Foreign investors, who have helped finance the U.S. trade deficit with the rest of the world by buying huge amounts of Treasury debt in recent years, could be losing their taste for Uncle Sam's promissory notes.

Statistics kept by the Securities Industry Association (SIA) show that through the first five months of the year, foreign investors sold Treasuries at a net annualized rate of $35.8 billion. That compares with net purchases of $48.7 billion in 1998. The reversal in capital inflows into Treasuries from abroad, if it continues, would mark the first time since 1974 that foreigners have sold more Treasuries than they have bought.

But, as the chart at the right shows, foreigners are not fleeing all U.S. securities. For the year, foreigners have been buying U.S. securities at just about the same pace as last year, at an annualized rate of about $278 billion. But while they have been shunning Treasuries, they have been bulking up on stocks, corporate bonds and so-called "agencies"--debt instruments issued by government-chartered corporations such as Fannie Mae--at record rates.

The fact that foreigners may not so much be losing their desire for U.S. securities as changing the flavor of what they buy could have significant ramifications for the U.S. stock markets. In recent months, there has been a lot of hand-wringing on Wall Street over whether foreigners would shift their discretionary capital--referred to in some quarters as "hot money"--away from the United States and back into Europe and Japan, as those economies pick up steam and their markets outperform those in the United States.

Some analysts believe this is already taking place and say it explains why the dollar has fallen in value relative to the Japanese yen in recent weeks. A similar scenario played itself out in 1987, partly leading to the stock market crash in October of that year.

As the dollar weakens and dollar-denominated investments lose value relative to foreign currencies, then interest rates would have to rise to compete for foreign capital. The higher rates, in turn, would become a drag on the stock markets.

The SIA numbers already show a decline in the amount of U.S. securities bought by foreigners from the feverish pace of just a few years back. In 1995, for example, foreigners snapped up a net $231.9 billion in U.S. securities. Two years later, that had reached a record $387.9 billion. But last year, driven by a sharp fall-off in purchases of Treasuries, the total slipped to $278.3 billion.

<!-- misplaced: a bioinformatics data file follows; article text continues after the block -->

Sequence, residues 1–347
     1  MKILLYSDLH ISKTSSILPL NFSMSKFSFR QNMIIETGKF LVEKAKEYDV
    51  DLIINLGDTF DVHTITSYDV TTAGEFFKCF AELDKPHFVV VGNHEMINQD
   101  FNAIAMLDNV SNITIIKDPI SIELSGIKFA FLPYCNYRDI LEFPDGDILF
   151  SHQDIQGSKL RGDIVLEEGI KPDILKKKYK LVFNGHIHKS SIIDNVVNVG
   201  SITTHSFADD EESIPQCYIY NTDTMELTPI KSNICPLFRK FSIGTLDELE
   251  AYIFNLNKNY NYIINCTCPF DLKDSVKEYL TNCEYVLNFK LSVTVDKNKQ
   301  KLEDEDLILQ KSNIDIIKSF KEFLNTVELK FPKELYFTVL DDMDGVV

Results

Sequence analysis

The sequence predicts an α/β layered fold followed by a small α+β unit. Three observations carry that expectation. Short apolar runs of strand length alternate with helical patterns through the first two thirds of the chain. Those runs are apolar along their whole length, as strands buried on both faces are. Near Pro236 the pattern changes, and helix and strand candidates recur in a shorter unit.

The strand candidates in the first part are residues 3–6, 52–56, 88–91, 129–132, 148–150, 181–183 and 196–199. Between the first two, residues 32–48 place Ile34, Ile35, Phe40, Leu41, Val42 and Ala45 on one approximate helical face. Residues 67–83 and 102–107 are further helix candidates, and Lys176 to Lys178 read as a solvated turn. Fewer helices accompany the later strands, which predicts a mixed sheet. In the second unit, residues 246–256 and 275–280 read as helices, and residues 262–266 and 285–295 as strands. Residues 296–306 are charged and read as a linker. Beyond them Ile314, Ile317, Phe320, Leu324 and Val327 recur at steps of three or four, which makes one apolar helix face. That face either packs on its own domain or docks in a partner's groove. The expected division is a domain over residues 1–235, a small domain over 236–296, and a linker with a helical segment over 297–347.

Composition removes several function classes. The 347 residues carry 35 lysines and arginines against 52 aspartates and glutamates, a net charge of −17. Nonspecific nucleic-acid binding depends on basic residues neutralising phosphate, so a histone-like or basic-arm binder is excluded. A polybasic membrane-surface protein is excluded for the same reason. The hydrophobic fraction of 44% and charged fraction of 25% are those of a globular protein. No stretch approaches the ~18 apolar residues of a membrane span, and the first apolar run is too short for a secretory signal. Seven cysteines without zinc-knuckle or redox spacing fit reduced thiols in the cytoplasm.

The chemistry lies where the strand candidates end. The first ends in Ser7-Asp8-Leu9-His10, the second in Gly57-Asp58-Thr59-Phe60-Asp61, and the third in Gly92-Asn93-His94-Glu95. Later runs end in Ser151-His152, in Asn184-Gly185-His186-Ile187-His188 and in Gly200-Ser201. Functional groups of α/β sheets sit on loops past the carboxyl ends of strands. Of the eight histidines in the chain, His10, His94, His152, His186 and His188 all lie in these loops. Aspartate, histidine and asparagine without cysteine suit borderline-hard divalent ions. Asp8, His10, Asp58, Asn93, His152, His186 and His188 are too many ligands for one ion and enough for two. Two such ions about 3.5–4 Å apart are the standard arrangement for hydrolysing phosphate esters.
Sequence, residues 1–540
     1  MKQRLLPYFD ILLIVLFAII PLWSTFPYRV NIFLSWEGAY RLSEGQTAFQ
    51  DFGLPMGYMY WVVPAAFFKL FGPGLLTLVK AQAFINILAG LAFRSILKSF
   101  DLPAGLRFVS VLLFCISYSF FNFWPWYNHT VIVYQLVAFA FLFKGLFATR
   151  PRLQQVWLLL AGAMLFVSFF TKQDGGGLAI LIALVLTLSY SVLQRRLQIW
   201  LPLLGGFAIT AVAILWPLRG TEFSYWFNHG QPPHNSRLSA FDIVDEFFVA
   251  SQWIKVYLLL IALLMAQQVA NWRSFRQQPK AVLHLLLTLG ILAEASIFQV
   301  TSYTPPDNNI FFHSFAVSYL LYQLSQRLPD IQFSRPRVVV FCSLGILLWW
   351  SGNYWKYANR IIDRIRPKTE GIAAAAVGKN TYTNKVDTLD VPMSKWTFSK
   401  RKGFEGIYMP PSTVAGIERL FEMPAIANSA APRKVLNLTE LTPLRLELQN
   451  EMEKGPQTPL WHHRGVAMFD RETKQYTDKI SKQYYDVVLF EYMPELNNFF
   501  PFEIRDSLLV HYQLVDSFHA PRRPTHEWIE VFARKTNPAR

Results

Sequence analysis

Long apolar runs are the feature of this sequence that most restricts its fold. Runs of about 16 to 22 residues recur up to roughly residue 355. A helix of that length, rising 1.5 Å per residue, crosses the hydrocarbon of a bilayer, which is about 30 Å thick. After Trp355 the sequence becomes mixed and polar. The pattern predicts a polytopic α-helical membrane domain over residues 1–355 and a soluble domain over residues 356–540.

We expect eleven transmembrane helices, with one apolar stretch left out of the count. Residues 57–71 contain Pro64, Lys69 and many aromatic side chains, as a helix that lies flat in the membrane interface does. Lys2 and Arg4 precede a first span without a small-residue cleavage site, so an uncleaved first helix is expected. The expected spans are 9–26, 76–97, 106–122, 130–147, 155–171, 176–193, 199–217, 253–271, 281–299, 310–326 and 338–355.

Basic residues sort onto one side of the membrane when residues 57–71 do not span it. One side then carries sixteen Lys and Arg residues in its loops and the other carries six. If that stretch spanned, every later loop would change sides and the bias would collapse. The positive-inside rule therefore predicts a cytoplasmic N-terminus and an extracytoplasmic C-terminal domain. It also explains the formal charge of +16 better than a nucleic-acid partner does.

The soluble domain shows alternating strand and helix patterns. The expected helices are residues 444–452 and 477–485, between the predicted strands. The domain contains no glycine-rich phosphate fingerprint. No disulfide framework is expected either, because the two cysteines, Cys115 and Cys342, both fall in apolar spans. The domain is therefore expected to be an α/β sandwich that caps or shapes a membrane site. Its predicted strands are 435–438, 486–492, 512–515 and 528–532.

But if foreigners are just shifting their tastes from bonds to stocks, that could be bullish for equities because it would represent a new source of cash to prop up what are already historically high valuations. A growing global economy means the pie of capital also expands. And that would help mitigate any effects of a shift in direction of capital flows, said J.P. Morgan & Co. economist Bruce Kasman.

Furthermore, while foreign investors may be seeing some better prospects in markets outside the United States, there has been no stampede by U.S. investors back into foreign markets. Many suffered huge losses during the Asian financial crisis that began in the summer of 1997 and only recently has ebbed.

For the first five months of the year, U.S. investors sold off $16.3 billion in foreign stocks--a trend that if it continues for the full year would mark the first time in half a century that U.S. investors have been net sellers of overseas securities.

Then there's the unknown of the year 2000, or "Y2K," computer problem, which some analysts believe could lead to disruption in global financial markets if computers fail because their internal clocks have not been updated. Whenever there is turbulence in world financial markets or in the global political scene, capital tends to retreat to "safe harbors." In international finance, there is no greater security haven than U.S. government bonds. For that reason, some analysts believe foreign money could flock to Treasuries through the rest of this year.

The SIA data could reflect a different trend, suggesting foreign investors are beginning to behave much as U.S. investors have over the past decade. With aging populations and changes in retirement plans, workers in Europe and Japan are facing some of the same pressing financial issues as their colleagues in the United States. They have watched with the awe as U.S. markets have proved the place to be in recent years. Is it any wonder that they, too, are seeking the higher returns of the U.S. stock market or of corporate bonds compared with U.S. Treasuries?

"In one sense, they are buying less Treasuries," said David Strongin, director of international finance at the securities trade group. "But what I see perhaps is a more secular shift out of Treasuries and into higher-yielding U.S. assets."

Strongin said that governments in Europe have been pushing citizens to take on more responsibility for their retirements. The government pension systems in England and Sweden are both partially privatized, for example. What this means is that individuals who buy mutual funds or directly invest in stocks may find it beneficial to do so in U.S. markets.

"Europeans are going to have to provide for more of their own retirement," Strongin said, adding that this argues for a continuation of the shift of foreign investment into U.S. equities.